Falun Gong: Origins, Growth, Conflict
- James LewisJames LewisDepartment of Philosophy, Wuhan University
- and Huang ChaoHuang ChaoWuhan University
Falun Gong (FLG) is a Qi Gong group that entered into conflict with the Chinese state around the turn of the 21st century, and gradually transformed into a political movement. Qi Gong, in turn, is an ancient system of exercises that has been compared to yoga. Falun Gong was founded in the People’s Republic of China (PRC) by Li Hongzhi (LHZ) in 1992, in the latter part of what has been termed the Qi Gong “boom.” As the leadership of the PRC became increasingly critical of the traditional folk religion and superstition that was emerging within some of the Qi Gong groups, Li Hongzhi and his family emigrated to the United States. From the safety of his new country of residence, LHZ directed his Chinese followers to become increasingly confrontational, eventually staging a mass demonstration in front of government offices in Beijing on April 25, 1999. The movement was subsequently banned. Falun Gong’s story does not, however, end there.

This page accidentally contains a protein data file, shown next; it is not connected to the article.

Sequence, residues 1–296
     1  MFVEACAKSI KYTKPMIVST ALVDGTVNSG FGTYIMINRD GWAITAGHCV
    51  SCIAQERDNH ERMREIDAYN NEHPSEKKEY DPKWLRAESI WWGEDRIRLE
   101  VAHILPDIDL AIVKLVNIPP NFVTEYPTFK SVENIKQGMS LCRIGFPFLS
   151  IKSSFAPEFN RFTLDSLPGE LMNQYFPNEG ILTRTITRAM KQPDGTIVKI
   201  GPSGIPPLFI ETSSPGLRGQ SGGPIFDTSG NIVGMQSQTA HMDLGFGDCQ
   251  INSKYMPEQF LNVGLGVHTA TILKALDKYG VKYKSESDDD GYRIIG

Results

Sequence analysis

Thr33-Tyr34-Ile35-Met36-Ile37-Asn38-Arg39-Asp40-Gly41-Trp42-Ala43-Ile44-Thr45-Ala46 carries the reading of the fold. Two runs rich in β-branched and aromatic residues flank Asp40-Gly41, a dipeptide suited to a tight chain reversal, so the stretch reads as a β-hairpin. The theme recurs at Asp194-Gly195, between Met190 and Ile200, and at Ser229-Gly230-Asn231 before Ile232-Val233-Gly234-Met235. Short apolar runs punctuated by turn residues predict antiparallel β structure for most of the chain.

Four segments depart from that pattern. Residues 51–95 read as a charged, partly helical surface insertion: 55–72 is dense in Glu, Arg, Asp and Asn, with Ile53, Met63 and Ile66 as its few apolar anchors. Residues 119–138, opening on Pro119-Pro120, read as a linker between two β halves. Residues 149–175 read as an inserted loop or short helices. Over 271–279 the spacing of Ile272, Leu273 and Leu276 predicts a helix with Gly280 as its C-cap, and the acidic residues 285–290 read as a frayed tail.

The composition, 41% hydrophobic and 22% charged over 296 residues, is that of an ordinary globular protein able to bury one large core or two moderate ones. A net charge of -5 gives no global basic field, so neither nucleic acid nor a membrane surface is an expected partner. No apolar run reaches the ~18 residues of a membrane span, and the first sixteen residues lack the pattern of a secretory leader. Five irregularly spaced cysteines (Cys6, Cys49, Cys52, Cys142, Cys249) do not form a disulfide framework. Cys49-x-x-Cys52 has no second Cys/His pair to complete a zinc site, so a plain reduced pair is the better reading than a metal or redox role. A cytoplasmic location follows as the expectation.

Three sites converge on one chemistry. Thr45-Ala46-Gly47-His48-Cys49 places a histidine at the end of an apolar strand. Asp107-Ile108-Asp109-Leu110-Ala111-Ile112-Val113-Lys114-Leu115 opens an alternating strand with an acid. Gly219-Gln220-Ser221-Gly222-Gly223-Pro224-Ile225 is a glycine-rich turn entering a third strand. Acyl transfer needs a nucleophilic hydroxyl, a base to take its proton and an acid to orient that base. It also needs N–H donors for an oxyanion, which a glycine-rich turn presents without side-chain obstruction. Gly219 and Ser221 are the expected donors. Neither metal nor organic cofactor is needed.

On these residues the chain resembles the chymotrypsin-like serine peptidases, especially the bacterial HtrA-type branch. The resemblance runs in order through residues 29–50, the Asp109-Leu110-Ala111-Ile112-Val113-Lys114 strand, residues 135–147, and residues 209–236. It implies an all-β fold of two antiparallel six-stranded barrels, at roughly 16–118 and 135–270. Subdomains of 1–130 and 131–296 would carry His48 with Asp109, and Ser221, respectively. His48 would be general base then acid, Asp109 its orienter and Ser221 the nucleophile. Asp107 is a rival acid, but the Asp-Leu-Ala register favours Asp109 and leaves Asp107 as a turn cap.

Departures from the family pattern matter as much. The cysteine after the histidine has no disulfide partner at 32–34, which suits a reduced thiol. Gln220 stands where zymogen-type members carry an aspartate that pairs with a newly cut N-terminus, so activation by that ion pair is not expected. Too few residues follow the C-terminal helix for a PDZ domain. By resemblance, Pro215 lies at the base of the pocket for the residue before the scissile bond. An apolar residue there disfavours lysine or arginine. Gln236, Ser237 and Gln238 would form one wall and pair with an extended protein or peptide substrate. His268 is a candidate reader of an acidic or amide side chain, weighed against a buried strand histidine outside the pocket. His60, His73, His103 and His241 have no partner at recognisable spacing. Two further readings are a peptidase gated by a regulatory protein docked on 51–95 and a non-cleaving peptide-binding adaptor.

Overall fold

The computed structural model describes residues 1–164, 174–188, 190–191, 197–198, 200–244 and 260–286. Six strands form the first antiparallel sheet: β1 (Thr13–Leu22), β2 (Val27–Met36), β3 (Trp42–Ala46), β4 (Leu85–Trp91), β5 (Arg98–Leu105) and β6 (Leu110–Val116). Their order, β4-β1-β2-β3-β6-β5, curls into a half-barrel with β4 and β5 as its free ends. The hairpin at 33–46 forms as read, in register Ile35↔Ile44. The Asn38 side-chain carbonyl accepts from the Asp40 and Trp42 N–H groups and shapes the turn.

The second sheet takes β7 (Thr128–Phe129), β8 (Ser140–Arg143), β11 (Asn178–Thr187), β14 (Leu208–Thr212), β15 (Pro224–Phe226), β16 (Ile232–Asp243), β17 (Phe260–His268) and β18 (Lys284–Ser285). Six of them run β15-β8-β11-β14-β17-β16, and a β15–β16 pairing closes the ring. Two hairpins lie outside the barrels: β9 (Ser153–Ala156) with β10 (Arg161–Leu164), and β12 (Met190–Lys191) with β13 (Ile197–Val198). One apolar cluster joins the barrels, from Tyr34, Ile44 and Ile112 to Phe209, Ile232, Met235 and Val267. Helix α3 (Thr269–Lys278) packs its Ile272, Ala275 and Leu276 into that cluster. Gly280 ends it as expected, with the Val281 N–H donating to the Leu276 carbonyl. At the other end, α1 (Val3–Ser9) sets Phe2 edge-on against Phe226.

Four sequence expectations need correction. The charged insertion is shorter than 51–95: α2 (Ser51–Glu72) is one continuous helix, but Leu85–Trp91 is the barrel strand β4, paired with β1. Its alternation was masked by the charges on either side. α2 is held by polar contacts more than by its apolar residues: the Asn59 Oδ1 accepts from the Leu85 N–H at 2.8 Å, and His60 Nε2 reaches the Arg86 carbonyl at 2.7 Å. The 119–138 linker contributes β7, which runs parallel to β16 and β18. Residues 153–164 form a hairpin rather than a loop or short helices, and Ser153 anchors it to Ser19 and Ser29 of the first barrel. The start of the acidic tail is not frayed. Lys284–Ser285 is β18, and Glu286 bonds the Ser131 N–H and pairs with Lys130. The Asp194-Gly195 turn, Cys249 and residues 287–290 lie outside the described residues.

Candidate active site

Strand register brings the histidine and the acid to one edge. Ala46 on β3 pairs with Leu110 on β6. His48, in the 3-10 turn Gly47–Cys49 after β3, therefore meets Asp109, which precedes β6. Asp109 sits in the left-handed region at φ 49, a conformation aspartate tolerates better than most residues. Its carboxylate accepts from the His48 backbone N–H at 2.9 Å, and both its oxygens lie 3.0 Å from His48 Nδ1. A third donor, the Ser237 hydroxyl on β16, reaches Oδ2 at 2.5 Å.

Prior to the banning of FLG, Li Hongzhi had gained a following outside of China, both among the overseas Chinese expat community as well as among citizens of other countries, particularly Western countries. These followers quickly created websites and other alternative media that helped shape public opinion outside of China. Falun Gong sources portrayed the crackdown against FLG practitioners as particularly harsh, eventually claiming that thousands of followers had been brutalized and murdered. These claims gradually expanded to include the accusation that the PRC was “harvesting” organs from live practitioners and selling them on the international organ market. In more recent years, FLG “Shen Yun” troupes have been touring the world, marketing their critique of the PRC as part of music and dance routines.